3. ReproBertie

            Dr. Michael Broomé, the chief physician at Stockholm’s Karolinska Hospital’s Intensive Care Unit, says his department’s patient load tripled during the spring. His staff, he says, “have often felt powerless and inadequate. We have lost several young, previously healthy, patients with particularly serious disease courses. We have also repeatedly been forced to say no to patients we would normally have accepted due to a lack of experienced staff, suitable facilities and equipment.”

            The Swedish way has yielded little but death and misery. And, this situation has not been honestly portrayed to the Swedish people or to the rest of the world.


          4. f_lawless

            “The Swedish way has yielded little but death and misery. And, this situation has not been honestly portrayed to the Swedish people or to the rest of the world.”

            Seems like a ridiculous level of hyperbole. That’s the same propagandistic piece someone linked to yesterday that never once mentioned the significance of cross-reactive T-cell immunity.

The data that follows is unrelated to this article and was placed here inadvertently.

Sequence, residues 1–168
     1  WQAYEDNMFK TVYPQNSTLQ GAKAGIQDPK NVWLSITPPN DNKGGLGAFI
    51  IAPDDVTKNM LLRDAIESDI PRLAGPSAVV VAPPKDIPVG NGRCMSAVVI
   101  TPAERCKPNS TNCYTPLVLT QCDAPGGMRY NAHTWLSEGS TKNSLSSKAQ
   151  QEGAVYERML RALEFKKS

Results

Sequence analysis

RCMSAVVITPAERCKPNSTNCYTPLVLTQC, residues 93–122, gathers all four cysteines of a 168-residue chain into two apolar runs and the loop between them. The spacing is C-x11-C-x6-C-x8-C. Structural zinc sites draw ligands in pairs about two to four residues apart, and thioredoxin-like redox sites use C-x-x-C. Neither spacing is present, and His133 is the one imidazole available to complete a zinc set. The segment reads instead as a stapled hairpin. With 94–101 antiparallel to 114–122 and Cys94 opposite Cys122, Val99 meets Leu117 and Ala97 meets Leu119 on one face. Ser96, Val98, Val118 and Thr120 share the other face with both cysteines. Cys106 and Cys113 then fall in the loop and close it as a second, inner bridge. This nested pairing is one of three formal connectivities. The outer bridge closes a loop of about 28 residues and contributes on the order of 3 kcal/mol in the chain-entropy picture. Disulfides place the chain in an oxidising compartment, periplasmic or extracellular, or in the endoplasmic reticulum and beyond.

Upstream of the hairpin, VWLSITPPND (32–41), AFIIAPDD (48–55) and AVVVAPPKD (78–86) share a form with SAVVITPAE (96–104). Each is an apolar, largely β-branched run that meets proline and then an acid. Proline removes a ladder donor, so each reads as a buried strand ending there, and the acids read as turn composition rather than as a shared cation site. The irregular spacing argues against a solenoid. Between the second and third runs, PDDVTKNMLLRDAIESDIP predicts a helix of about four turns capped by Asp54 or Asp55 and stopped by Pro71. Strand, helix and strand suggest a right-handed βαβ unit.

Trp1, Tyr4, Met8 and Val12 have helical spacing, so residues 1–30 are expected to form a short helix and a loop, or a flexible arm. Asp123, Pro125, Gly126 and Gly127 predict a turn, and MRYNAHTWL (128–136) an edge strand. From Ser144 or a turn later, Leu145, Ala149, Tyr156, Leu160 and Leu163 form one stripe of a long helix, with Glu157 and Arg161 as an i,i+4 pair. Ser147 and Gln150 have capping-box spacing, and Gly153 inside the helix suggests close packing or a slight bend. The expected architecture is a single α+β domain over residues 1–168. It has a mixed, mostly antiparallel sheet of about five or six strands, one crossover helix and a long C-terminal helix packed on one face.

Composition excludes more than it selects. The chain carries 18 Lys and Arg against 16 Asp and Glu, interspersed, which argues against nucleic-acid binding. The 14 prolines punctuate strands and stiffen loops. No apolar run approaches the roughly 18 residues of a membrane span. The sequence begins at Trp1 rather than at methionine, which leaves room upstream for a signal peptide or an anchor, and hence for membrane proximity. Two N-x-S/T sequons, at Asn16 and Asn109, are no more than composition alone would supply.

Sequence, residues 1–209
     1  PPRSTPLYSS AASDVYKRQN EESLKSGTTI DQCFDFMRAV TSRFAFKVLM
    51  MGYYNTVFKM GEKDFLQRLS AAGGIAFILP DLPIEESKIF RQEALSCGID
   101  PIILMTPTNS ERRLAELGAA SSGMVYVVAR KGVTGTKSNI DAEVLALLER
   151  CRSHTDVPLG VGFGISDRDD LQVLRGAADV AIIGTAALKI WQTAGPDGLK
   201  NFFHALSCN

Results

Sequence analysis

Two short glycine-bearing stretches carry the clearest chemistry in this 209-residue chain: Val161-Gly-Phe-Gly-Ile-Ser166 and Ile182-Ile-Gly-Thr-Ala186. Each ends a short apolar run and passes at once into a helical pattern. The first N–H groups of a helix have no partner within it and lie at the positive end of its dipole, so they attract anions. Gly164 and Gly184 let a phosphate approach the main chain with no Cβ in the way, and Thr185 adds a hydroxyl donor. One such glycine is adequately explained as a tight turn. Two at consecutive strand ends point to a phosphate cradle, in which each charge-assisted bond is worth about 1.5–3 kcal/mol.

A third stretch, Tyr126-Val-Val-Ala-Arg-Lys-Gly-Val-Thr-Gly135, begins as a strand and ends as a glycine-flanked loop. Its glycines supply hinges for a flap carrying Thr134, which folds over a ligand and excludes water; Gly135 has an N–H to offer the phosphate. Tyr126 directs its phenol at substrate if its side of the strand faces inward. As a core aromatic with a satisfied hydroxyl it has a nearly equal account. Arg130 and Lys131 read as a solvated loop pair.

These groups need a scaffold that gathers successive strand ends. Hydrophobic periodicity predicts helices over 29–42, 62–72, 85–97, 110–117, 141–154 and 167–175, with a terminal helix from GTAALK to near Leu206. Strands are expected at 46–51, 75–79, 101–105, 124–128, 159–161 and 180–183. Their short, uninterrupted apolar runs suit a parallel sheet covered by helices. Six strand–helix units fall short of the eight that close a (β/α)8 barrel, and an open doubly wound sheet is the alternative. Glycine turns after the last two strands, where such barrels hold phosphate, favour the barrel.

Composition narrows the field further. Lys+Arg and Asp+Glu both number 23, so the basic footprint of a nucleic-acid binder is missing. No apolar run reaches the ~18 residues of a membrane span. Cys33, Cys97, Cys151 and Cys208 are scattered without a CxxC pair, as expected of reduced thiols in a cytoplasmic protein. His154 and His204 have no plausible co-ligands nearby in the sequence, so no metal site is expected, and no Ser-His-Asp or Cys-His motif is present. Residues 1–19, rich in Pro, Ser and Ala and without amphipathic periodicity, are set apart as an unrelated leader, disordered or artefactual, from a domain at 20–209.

How about this perspective: Sweden’s overall weekly mortality rate per million during the period Jan-June 2020 was the same as it was in Jan-June 2015: 187 per million.

            There was no pandemic in Sweden 2015. No mentions of “little but death but death and misery” in the media. April 2020 saw an above average spike for that time of year but that’s pretty much it. We’re now in October of this year and there’s still been no significant spikes since the April period.


            “the overall weekly mortality rate per one million people between January and June was very similar for the years between 2015 and 2020:187, 176, 180, 179, 165 and 187, respectively. “

        1. John Smith

          ‘If we can avoid a lockdown by following the guidelines but choose not to then we have only ourselves to blame when Mammy gets the wooden spoon out.’